GOFAONE NINA TLADI
It has been a tough week in the news both here at home, across the continent of Africa and in the United States of America and as we send our prayers to the people in the latter countries. It is payday week and with the ping of our phones the pain of Janu-worry, the concern for our fellow men and the mess that is our finances is forgotten and we press the refresh button!
We insist that January was the trial month and we will start to get out lives together in February, the month of love. The malls fill back up and everyone signs up for yet another wasted year long gym membership.The Decembers and Januarys we waste by deferring the change we desperately need because change is hard. “ Until the pain of change is greater than the pain of change, you will never change.” Dave Ramsey
Like trends and challenges that are short lived we beat our chests with righteous indignation, only for a little while and move swiftly to the next wave and the fury topples the previous societal headline and all our energy and focus is channeled elsewhere. The need for change becomes a standard agenda item that rolls over from one year to the next.I am all for the trends that bring light to much needed conversations and bring social justice. We need to speak openly about money for example, our struggle with it and get the help we so desperately need. I am however, not for staying the same. If you do the same thing every year that you have been doing, you will get the same results.
We hope for salary increases or a large infusion of cash etc but those are often swallowed up by lifestyle creep: get a raise, get a top up, increase your lifestyle, work harder to get a raise to pay for the higher instalments, rinse and repeat.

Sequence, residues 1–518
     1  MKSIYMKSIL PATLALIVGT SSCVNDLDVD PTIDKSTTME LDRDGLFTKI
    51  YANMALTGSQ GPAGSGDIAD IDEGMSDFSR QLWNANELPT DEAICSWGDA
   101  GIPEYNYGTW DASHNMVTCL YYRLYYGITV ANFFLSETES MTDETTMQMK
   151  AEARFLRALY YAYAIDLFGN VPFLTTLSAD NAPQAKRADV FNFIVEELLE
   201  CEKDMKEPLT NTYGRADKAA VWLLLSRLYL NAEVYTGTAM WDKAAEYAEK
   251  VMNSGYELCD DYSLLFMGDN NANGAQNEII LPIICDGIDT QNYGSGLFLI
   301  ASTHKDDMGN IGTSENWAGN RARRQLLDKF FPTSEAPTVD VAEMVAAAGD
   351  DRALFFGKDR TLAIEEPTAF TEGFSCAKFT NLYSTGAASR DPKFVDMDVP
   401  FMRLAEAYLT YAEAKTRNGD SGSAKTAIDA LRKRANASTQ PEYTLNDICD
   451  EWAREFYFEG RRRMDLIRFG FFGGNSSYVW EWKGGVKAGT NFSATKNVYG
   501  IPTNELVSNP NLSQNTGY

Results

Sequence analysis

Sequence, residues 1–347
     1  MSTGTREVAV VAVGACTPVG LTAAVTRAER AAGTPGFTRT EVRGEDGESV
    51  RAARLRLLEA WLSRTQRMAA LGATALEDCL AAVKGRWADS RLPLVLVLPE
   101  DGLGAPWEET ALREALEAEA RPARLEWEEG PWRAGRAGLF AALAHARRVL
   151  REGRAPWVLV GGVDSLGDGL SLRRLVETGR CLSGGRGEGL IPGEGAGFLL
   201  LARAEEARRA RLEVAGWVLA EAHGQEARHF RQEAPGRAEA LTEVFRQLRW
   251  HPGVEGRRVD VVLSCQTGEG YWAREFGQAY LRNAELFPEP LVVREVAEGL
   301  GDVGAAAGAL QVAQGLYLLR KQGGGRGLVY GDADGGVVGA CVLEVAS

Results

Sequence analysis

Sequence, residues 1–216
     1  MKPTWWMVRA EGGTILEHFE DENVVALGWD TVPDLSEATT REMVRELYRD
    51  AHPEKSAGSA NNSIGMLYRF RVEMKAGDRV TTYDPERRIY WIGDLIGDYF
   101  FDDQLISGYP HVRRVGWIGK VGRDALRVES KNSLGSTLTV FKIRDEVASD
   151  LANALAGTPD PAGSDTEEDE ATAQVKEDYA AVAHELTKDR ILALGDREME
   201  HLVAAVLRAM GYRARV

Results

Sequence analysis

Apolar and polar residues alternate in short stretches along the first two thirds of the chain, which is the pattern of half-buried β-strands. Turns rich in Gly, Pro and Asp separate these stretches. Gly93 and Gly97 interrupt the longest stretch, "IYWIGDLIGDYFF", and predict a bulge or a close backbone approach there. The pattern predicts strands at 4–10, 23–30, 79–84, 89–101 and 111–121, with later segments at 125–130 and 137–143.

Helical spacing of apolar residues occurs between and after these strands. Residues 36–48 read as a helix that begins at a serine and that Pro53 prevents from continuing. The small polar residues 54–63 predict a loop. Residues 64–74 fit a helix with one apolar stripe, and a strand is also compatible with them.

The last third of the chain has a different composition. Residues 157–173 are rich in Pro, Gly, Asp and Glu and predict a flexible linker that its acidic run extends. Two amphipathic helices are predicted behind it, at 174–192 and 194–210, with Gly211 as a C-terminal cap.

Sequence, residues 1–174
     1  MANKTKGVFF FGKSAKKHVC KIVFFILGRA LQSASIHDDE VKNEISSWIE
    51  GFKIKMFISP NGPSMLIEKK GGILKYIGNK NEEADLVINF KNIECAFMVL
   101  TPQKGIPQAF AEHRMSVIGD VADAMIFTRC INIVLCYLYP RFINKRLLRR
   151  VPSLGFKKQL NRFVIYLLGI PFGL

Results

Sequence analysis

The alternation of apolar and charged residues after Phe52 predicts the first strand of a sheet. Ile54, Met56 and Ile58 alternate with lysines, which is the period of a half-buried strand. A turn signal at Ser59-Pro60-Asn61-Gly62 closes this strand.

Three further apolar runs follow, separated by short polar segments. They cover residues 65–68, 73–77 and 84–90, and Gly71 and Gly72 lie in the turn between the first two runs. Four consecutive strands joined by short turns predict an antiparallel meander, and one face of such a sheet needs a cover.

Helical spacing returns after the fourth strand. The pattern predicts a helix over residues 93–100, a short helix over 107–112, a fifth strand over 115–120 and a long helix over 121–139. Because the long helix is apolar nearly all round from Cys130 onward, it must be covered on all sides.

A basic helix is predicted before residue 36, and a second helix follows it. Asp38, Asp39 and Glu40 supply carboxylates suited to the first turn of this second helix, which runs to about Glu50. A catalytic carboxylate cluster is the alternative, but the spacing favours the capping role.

Being a Motswana has afforded us great access and dare I say made us a privileged bunch and it is the nature of priviledge to blind. What happened in America where hundreds of thousands of people didn’t get paid? That could never ever happen to us. I wonder what sought of catastrophe that would be for our country. I love being a Motswana. I would not want to be from any other country, but recently as I read the Statistics Botswana Annual Report, I had to raise the carpet and look at some really hard truths that Batswana need a financial wake up. Though I am only a young woman with a love for my country and somewhat of a platform, I want to shout as loudly as possible to Batswana to “wake up and change for the better!”
The cycle of a financial free for all December begets a dismal January and year long crisis control because we are unable to manage ourselves which translates to poor personal finances. There are more people in the business of loaning us money due to our impatience to saving and buying things cash, then there are those in the business to grow money in the form of investments. This alarms me and it is something I hope will be the opposite in my children’s time.
We live for payday. We are happier, more engaged and it is directly correlated to the amount of money we have and as we get closer and closer to payday we get more and more dejected. Once the payday notification hits, it is like coming up for air after holding it for so long. The only exciting thing for me about payday nowadays is that I am knocking off debt and colouring in my debt free chart. As the salary notification text pops up on your phone, take a deep breath and as everyone takes their money, may you be filled with anger enough take everyone’s name off of your earnings. Draw up a budget, you need to know how much you make and where it is going. Getting your financial act together should not be a trend but a way of life.
This year is called: now that you know better, what are you going to do about it? Forgive yourself for the financial mistakes you have made and get to work!!
PS: You don’t have to be a hero, you just have to be what most people aren’t, consistent!
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